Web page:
For computer vision, pattern recognition and image processing...

Considerable research efforts in computer vision applied to several areas have been developed in the last years, however, they have been concentrated on using or developing tailored methods based on visual features that are able to solve a specific task. Nevertheless, today's computer capabilities are giving us new ways to solve complex computer vision problems. Now, we are able to extract, process and test in the same time more image features and classifiers than before. Using this general methodology that designs a computer vision system automatically, i.e., it finds -without human interaction- the features and the classifiers for a given application avoiding the classical trial and error methodology commonly used by human designers. The key idea of the proposed methodology is to select from a large set of features and a bank of classifiers those features and classifiers that achieve the highest performance. We tested in many applications yielding good classification performance of 96% or more in every case.


  • More than 200 functions for image processing, feature extraction, feature transformation, feature analysis, feature selection, data selection and generation, classification, clustering, performance evaluacion, multiple-view analysis, image sequence processing and tracking with geometrical constraints, see examples.

  • Each function has a "help" with one or more examples (see the code of knn classifier as example).
  • It includes a general framework that designs a computer vision system automatically in only 12 lines code, or using 2 graphic user interfaces (for feature extraction and for feature and classifier selection). It finds (without human interaction) the features and the classifiers for a given visual task avoiding the classical trial and error framework commonly used by human designers.



    [ Feature Extraction GUI and Feature and Classifier Selection GUI ]

  • It is really easy to include to our framework other functions, e.g. features or classifiers, see examples.

  • It includes a new graphic user interface for detection using multiple view analysis (see video).
  • We tested our framework on different food quality evaluation problems yielding a classification performance of 96% or more in every case (see application papers below).


Balu Toolbox is available here under this license (for non-commercial purposes).


> Overview

  • Mery, D.; Pedreschi, F.; Soto, A.: Automated Design of a Computer Vision System for Visual Food Quality Evaluation. International Journal of Food and Bioprocess Technology (accepted Jul. 2012). [ PDF ]

> Image processing

  • Mery, D.; Pedreschi, F. (2005): Segmentation of Colour Food Images using a Robust Algorithm. Journal of Food Engineering, 66(3):353-360. [ PDF ]

> Color conversion

  • León, K.; Mery, D.; Pedreschi, F., León, J. (2006): Color Measurements in L*a*b* units from RGB Digital Images..  Food Research International 39(10):1084-1091. [ PDF ]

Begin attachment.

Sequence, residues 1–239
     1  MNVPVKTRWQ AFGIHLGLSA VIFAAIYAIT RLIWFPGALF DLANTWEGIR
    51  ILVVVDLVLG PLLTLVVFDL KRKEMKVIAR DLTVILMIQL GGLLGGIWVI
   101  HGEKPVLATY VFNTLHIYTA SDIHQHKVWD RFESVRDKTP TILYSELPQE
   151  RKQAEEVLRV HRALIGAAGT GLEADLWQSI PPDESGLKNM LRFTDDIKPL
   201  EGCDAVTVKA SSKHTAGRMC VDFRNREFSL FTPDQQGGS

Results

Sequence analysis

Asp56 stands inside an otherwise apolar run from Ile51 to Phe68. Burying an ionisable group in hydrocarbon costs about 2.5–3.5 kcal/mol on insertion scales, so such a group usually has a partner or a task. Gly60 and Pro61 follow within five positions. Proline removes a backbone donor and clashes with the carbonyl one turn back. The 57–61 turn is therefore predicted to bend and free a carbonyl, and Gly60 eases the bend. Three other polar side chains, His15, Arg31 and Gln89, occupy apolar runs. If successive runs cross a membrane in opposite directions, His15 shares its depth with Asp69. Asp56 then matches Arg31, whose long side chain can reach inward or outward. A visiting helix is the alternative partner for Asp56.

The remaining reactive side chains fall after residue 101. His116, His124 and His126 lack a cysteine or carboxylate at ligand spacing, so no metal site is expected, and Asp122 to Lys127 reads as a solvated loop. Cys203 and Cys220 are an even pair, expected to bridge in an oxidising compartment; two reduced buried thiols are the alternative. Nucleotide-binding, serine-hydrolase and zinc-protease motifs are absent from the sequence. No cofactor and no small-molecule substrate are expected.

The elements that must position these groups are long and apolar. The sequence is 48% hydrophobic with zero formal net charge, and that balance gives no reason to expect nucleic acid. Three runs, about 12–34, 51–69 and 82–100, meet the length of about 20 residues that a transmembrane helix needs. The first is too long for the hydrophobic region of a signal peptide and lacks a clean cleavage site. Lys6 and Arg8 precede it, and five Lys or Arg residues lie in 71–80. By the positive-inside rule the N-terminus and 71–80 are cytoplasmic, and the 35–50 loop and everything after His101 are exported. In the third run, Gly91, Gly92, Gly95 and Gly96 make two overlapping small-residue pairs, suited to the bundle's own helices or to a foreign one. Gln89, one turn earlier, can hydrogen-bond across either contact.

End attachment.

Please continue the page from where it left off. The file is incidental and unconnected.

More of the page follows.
> Feature extraction

  • Mery, D. (2003): Crossing line profile: a new approach to detecting defects in aluminium castings. In Proceedings of the Scandinavian Conference on Image Analysis 2003 (SCIA 2003), June 29 – July 02, Göteborg. [ PDF ]

> Feature and classifier selection

  • Mery, D., Soto, A. (2008): Features: The more the better. The 7th WSEAS International Conference on Signal Processing, Computational Geometry and Artificial Vision (ISCGAV-2008), Rodos Island, Greece, August 20-22. [ PDF ]

> Multiple-view

  • Mery, D. (2011): Automated Detection in Complex Objects using a Tracking Algorithm in Multiple X-ray Views. Proceedings of the 8th IEEE Workshop on Object Tracking and Classification Beyond the Visible Spectrum (OTCBVS 2011), in Conjunction with Computer Vision and Pattern Recognition (CVPR 2011). Colorado Spring, USA. [ PDF ]

  • Mery, D. (2003): Exploiting Multiple View X-Ray Testing: Part I- Theory. Materials Evaluation, 61(11):1226-1233. [ PDF ]

  • Mery, D.; Ochoa, F.; Vidal, R. (2004): Tracking of points in a calibrated and noisy image sequence. Lecture Notes in Computer Science, LNCS 3211: 647-654. [ PDF ]

> Applications in food industry

  • Mery, D.; Lillo, I.; Loebel, H.; Riffo, V.; Soto, A.; Cipriano, A.; Aguilera, J.M. (2011):  Automated Fish Bone Detection using X-ray Testing. Journal of Food Engineering, 105(2011):485-492. [ PDF ]

  • Mery, D.; Chanona-Perez, J.; Soto, A.; Aguilera, J.M.; Cipriano, A.; Velez-Riverab, N; Arzate-Vazquez, I, Gutierrez–Lopez, G. (2010): Quality Classiļ¬cation of Corn Tortillas using Computer Vision. Journal of Food Engineering 101(4):357-364. [ PDF ]

> Applications in nondestructive testing

  • Mery, D. (2014): Inspection of Complex Objects Using Multiple X-ray Views. IEEE Transactions on Mechatronics (accepted March 2014). [ PDF ]

  • Mery, D. (2011): Automated Detection of Welding Discontinuities without Segmentation. Materials Evaluation, June-2011:657-663.  [ PDF ]

  • Mery, D.; Berti, .M.A. (2003): Automatic Detection of Welding Defects using Texture Features. Insight, 45(10):676-681. [ PDF ]

  • Mery, D.; Filbert, D. (2002): Automated Flaw Detection in Aluminum Castings Based on The Tracking of Potential Defects in a Radioscopic Image Sequence. IEEE Transactions on Robotics and Automation, 18(6):890-901. [ PDF ]

  • Mery, D.; da Silva, R.R.; Caloba, L.P.; Rebello, J.M.A. (2003): Pattern Recognition in the Automatic Inspection of Aluminium Castings. Insight, 45(7):431-439. [ PDF ]